this American atavism is at odds with the country's cultural, scientific and
medical sophistication. The defenders of the right to possess arms, anchored in
Amendment to the U.S. Constitution and backed by the successful and powerful
National Rifle Association, continue to validate this Second Amendment philosophy,
which enables the leitmotiv of the right to bear arms: "A well regulated
militia being necessary to the security of a free state, the right of the
people to keep and bear arms shall not be infringed."
Posted by Worldmeets.US
It has been over two centuries since the Amendment was
passed. The historical, human and political geographies, as well as the
geography of reality, have changed. If amending the Constitution again is
impossible, one could change the prevailing logic about guns and the stupidity
of arming every household. Media coverage after the massacre at Sandy Hook
school in Newton was quite straightforward: Adam Lanza,
the 20-year-old murderer, under his mother's tutelage, learned how to use the
two pistols and rifle with which he killed his mother at home, and then 26 people
more, under the aegis of the Second Amendment, and with the complicity of the
Obama's Hail Mary pass should be to further amend the
Constitution, and by so doing, offer further evidence that the Nobel Peace
Prize awarded him in 2009 for "his vision of a world without nuclear
weapons," when his accomplishments were minimal, was justified. If Obama has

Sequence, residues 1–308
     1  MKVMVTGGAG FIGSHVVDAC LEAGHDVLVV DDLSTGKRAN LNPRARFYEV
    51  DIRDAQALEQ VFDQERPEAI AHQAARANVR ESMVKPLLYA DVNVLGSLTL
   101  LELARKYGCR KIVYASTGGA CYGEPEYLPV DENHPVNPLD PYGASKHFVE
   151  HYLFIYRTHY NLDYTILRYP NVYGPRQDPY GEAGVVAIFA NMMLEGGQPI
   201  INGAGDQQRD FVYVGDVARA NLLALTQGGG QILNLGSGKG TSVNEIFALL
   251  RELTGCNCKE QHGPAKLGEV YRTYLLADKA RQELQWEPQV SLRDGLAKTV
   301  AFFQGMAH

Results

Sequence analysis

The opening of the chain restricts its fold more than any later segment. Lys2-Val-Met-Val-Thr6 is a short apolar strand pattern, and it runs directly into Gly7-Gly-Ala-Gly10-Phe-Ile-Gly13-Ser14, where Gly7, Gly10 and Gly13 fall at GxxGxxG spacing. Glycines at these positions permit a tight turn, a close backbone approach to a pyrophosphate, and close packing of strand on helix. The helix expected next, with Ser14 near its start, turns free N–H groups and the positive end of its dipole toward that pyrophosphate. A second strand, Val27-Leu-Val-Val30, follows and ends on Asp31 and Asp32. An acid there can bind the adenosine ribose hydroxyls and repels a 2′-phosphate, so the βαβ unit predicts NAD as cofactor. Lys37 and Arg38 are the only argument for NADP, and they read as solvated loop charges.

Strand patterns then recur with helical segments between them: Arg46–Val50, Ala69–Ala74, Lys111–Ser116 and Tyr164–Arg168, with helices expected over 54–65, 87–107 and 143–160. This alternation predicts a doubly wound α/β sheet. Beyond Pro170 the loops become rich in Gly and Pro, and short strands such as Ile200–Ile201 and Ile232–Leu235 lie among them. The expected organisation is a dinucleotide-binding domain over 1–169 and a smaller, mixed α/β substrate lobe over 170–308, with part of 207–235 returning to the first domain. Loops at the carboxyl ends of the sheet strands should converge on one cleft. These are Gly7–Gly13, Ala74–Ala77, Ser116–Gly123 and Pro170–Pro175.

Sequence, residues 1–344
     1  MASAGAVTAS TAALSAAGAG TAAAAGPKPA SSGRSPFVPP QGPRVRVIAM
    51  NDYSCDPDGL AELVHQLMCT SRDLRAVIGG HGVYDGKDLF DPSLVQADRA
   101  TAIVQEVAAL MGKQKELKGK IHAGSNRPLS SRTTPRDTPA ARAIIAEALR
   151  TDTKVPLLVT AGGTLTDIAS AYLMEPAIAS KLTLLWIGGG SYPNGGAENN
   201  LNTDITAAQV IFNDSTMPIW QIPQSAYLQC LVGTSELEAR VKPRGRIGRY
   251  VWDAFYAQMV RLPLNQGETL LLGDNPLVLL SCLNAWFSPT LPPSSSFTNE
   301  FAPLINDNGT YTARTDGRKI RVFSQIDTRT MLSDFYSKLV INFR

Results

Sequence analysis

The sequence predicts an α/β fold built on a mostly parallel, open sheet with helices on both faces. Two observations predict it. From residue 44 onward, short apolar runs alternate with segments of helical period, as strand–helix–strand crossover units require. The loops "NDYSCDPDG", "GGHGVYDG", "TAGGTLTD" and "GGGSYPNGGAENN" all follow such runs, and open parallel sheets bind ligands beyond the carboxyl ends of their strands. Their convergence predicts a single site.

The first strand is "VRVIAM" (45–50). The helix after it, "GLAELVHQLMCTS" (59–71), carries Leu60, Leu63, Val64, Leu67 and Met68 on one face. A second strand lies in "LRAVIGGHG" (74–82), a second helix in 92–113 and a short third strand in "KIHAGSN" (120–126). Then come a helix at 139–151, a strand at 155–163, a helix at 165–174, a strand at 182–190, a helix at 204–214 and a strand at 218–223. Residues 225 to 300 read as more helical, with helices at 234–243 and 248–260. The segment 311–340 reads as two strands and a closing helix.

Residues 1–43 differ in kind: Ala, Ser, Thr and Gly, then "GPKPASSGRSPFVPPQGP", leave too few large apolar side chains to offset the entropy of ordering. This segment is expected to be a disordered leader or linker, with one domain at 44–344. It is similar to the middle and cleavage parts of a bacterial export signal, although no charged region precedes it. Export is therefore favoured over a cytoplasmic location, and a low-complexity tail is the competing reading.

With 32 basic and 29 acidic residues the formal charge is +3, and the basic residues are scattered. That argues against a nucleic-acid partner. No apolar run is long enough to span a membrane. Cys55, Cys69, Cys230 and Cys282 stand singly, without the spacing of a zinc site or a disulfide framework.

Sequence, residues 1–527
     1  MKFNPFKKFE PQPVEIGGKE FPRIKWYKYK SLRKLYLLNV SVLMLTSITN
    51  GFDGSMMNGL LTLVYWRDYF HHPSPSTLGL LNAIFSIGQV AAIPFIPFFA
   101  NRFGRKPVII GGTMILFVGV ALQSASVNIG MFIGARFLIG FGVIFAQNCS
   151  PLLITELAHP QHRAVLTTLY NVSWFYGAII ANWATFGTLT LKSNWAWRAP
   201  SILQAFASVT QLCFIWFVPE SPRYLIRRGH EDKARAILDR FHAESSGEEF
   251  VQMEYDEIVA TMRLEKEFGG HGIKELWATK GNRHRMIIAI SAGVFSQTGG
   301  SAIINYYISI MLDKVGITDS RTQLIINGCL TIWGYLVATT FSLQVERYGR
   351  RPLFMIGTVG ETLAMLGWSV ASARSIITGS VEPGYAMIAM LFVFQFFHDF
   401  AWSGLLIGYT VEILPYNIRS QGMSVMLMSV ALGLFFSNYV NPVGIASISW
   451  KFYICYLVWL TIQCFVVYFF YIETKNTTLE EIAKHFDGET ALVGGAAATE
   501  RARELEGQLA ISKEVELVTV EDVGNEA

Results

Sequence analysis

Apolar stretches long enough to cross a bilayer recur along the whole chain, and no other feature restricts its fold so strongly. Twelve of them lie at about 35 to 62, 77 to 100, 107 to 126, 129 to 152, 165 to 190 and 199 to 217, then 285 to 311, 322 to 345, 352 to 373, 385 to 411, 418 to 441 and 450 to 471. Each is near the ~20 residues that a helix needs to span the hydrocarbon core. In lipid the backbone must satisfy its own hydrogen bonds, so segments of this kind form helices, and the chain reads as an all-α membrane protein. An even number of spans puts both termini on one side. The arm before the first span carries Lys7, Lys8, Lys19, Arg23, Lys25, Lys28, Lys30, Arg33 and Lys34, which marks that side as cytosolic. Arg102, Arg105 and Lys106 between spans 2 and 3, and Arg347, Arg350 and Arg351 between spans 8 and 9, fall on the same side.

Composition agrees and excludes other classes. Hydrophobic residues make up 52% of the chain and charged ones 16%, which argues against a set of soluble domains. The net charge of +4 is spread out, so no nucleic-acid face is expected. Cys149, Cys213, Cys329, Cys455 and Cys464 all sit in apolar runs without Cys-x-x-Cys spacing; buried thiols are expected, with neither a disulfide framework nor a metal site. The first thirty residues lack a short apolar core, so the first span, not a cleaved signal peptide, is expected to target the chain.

failed to achieve nuclear disarmament, he must at least disarm his countrymen. And
if he were to close at least some of the stores where guns
are sold like Coca-Cola Light, an added benefit would be that Mexican drug
traffickers could no longer supply themselves in U.S. shops, which enriches the gun shop
owners and kills their own compatriots. A few days ago, the U.S. president
said: "We have to pass from words to action. We must be serious." We
From Obama's "Yes, we can" to a "Yes, you
must" directed at Obama, the distance is as long or as short as civil
society and the president's team want it to be.
*Dr. Arnoldo Kraus is a medical doctor and surgeon at the Universidad Nacional Autónoma de México. His postgraduate studies were in Internal Medicine and Reumatology and Clinical Immunology at the Salvador Zubirán National Institute of Nutrition, were he worked from 1980 till 2005. He was a member of the National Researchers System until 2005. He has published 50 research articles in national and international medical journals, as well as 10 chapters on medical subjects in various books. He now teaches a postgraduate course on medical ethics at the UNAM Department of Medicine. He has a private practice in clinical medicine. A member of the College of Bioethics, between 1990 and 2011 he collaborated on a weekly bases with the newspaper La Jornada. Since 2012, he has written a weekly column for El Universal. He frequently collaborates with Letras Libres and Revista de la UNAM. Author of basic texts in the national discussion about bioethics, Dr. Kraus has written, among others, on the subjects of eutanasia, abortion, laicism, medical technology, doctor-patient relations and the right to healthcare. He has published 11 books, the last ones being The Pencil’s Apology, in collaboration with Vicente Rojo (Conaculta, 2011) and When the Death Approaches (Almadia, 2011).